As We Were Indians started playing, I was immediately drawn to the lead singer’s stage presence. It felt like I was watching a dark version of David Lee Roth or Mick Jagger. He commanded the small stage and more and more people starting filling up the space around him.
Sometime during the first few songs, I felt some water drop on my face. Then again. I then turned to the guys next to me and said, “I think it’s starting to rain.” We started to looking up to the sky, when all of a sudden the lawn sprinklers went off full blast. The party goers immediately found trashcans to place over the sprinklers, and for a minute it seemed like the evening was going to end right there. I’m glad I was wrong.
After the sprinklers had stopped, the band made sure the water hadn’t damaged their equipment, and by created a barricade of towels from preventing the lawn water to overflow on the concrete, make-shift stage, and announced that it was time to rock-and-roll.
We Were Indians continued their set as if nothing had happened. The lead singer immediately captivated the audience. I took some photos during the set and recorded some video, but during the set the band announced that they didn’t want pictures taken. In order to respect their wishes, I’m not going to post the videos I took on youtube (the lighting was terrible though), however, I have to break their trust and post this one, dope-ass picture of the lead singer rocking out. It doesn’t get more rock and roll than this.
By the time We Were Indians had wrapped up, I had killed a whole bottle of scotch. Needless to say, I didn’t do it on my own (I’m not that much of a lush … coff, coff…), but I’d had enough to drink that my brain went into “water-mode”. I went to the bar several times to ask for ice water, and I remember tipping the bartenders for each.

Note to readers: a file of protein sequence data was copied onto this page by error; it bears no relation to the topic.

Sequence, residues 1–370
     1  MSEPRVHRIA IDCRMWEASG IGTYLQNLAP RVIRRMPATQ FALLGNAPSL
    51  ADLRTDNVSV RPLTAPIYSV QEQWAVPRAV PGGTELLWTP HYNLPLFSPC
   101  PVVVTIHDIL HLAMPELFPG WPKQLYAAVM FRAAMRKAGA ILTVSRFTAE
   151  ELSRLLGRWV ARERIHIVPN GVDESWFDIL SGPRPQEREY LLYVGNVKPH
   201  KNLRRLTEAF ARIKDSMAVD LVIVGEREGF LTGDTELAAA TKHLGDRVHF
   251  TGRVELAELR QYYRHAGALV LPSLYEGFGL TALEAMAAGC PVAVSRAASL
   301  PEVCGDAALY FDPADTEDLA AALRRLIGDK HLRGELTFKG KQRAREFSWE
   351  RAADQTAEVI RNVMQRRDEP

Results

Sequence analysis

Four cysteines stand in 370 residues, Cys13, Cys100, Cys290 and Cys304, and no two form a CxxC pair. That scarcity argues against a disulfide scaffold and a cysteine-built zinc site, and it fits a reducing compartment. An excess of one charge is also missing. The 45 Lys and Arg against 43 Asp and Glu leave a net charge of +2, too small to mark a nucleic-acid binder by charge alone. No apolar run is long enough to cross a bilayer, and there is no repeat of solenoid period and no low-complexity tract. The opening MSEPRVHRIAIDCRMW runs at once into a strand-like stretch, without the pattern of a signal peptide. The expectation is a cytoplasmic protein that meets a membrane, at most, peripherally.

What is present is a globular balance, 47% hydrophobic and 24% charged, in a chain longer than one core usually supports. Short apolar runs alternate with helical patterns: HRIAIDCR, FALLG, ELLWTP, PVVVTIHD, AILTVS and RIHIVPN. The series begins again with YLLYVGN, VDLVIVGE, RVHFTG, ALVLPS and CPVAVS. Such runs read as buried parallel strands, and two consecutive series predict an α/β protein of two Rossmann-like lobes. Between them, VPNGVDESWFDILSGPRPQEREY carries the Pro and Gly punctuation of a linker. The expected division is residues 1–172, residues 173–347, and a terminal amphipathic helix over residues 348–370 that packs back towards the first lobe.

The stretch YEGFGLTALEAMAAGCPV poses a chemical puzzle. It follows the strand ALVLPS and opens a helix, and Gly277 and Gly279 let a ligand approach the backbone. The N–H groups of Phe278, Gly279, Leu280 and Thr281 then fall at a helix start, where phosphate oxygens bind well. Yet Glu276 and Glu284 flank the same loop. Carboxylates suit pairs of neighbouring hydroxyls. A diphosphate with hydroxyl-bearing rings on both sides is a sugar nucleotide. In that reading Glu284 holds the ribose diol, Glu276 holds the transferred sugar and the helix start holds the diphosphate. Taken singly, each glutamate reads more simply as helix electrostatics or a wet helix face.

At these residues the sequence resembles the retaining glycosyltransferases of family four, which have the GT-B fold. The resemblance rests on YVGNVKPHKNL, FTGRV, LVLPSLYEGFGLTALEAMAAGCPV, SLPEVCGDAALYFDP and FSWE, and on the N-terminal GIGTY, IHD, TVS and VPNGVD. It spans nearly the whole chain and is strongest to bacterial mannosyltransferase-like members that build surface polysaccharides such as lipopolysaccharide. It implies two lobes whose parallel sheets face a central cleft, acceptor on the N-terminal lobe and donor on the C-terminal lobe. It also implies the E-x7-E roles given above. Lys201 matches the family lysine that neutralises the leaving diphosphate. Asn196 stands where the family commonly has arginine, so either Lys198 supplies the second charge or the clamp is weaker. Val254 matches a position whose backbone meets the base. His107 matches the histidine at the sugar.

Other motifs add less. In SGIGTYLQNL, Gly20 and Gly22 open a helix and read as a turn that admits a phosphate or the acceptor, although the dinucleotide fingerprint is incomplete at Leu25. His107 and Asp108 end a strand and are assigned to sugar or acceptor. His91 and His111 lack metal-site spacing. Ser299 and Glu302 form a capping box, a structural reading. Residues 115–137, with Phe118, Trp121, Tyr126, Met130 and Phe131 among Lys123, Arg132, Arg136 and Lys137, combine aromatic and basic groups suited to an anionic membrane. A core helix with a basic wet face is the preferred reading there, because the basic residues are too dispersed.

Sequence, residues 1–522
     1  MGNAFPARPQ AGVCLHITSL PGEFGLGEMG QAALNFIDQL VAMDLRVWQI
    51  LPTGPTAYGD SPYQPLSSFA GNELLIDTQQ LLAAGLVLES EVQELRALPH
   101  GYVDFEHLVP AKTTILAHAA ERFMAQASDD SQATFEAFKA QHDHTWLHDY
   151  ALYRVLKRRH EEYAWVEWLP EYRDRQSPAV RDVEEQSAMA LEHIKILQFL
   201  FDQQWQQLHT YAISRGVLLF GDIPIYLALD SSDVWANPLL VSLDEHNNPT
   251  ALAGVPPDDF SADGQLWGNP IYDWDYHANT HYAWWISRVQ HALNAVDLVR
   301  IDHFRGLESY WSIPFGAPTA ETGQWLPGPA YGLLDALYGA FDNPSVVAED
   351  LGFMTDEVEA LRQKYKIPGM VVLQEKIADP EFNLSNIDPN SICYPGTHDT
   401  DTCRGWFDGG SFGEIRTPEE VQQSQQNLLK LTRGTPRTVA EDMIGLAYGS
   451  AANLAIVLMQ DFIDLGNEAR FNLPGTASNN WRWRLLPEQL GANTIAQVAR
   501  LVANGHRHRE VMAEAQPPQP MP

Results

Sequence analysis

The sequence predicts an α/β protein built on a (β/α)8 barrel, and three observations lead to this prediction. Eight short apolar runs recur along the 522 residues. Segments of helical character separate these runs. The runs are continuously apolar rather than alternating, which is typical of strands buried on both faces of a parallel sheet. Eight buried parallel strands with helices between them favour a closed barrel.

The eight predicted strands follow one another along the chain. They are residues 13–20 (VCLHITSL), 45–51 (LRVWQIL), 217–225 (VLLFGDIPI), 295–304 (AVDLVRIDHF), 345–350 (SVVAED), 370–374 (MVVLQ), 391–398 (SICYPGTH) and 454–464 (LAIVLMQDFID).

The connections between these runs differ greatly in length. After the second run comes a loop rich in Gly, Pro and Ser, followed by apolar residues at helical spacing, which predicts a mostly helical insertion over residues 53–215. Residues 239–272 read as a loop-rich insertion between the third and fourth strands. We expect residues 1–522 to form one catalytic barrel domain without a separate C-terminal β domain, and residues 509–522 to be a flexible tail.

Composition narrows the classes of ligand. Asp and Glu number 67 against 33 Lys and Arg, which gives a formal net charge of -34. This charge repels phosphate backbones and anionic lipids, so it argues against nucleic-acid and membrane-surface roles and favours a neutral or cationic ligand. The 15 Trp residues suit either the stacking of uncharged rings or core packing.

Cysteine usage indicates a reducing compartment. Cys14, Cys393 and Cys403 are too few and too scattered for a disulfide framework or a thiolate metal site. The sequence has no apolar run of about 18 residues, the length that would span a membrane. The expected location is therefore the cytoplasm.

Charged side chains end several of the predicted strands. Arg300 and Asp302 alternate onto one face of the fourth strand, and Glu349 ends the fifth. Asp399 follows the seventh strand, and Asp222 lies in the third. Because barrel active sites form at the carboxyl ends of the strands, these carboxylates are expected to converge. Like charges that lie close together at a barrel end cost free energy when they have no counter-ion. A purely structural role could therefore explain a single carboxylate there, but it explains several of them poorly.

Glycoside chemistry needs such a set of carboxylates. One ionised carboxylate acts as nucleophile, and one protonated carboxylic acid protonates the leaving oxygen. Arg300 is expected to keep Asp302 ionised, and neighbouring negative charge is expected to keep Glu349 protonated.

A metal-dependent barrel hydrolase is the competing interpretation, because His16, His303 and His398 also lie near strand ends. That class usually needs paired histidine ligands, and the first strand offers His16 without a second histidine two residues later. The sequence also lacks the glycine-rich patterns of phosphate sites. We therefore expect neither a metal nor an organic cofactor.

I had a conversation with Mike McGill (the guitarist) after the set, and he was kind enough to message me a picture of the set list.
I’ve embedded the songs that are available on SoundCloud here so you can have a listen too.
Mike shot me a text that the next We Were Indians’ local gig is May 10th at King King in Hollywood. Barring anything else coming up, I may have to do the 40 minute drive into Hollywood to check them out again.
I have to give the party planners major props for the way they set the line-up of bands, because they really couldn’t have done a better job. They took three distinct sounding bands, and made it work seamlessly. It was the perfect soundtrack for a party; a soundtrack that crescendoed into a party that was truly, 100%, rock and roll, leaving everybody with an adrenaline high. On my way out, I gave props to the sound guy working the evening.
I woke up the next morning sans headache, which was surprising. I woke up in the hotel room and noticed that my LCD bracelet was still on. A subtle reminder of one of the best house parties I’ve been to in a while. Toddchella was dope. The bar has been set high, Coachella … you have some work to do…